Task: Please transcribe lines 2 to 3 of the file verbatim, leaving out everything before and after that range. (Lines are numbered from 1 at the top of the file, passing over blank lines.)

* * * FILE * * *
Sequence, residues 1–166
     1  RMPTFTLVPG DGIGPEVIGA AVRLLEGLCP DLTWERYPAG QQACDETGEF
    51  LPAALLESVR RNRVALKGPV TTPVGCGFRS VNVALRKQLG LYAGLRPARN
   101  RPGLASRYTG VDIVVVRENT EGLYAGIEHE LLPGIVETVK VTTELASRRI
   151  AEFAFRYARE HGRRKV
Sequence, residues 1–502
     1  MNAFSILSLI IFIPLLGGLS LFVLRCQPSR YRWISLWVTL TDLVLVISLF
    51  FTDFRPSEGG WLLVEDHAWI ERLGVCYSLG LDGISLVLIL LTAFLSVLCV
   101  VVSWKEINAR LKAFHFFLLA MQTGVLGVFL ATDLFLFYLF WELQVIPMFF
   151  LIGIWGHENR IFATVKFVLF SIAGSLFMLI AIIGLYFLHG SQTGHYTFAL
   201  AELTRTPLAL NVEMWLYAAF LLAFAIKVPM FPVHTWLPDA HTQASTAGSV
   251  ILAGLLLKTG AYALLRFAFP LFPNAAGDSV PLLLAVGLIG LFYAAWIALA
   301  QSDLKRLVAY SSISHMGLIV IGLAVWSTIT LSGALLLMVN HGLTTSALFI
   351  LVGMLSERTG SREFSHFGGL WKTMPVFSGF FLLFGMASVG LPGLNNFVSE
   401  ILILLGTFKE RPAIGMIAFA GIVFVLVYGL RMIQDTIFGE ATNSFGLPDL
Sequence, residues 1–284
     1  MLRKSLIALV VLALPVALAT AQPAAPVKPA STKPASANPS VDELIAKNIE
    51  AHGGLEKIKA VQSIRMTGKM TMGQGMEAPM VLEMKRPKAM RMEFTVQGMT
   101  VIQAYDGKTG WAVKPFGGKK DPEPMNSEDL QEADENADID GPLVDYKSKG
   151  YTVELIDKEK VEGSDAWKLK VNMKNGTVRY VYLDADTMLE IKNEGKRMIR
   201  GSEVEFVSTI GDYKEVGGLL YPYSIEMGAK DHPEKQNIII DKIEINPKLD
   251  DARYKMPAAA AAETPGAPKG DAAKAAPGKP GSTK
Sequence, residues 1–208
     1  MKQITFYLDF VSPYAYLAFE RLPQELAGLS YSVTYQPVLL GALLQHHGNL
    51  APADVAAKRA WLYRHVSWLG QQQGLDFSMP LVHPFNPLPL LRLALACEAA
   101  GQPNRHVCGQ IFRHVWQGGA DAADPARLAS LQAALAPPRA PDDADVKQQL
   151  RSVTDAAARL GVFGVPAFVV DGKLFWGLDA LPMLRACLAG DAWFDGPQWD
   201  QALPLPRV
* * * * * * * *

     1  RMPTFTLVPG DGIGPEVIGA AVRLLEGLCP DLTWERYPAG QQACDETGEF
    51  LPAALLESVR RNRVALKGPV TTPVGCGFRS VNVALRKQLG LYAGLRPARN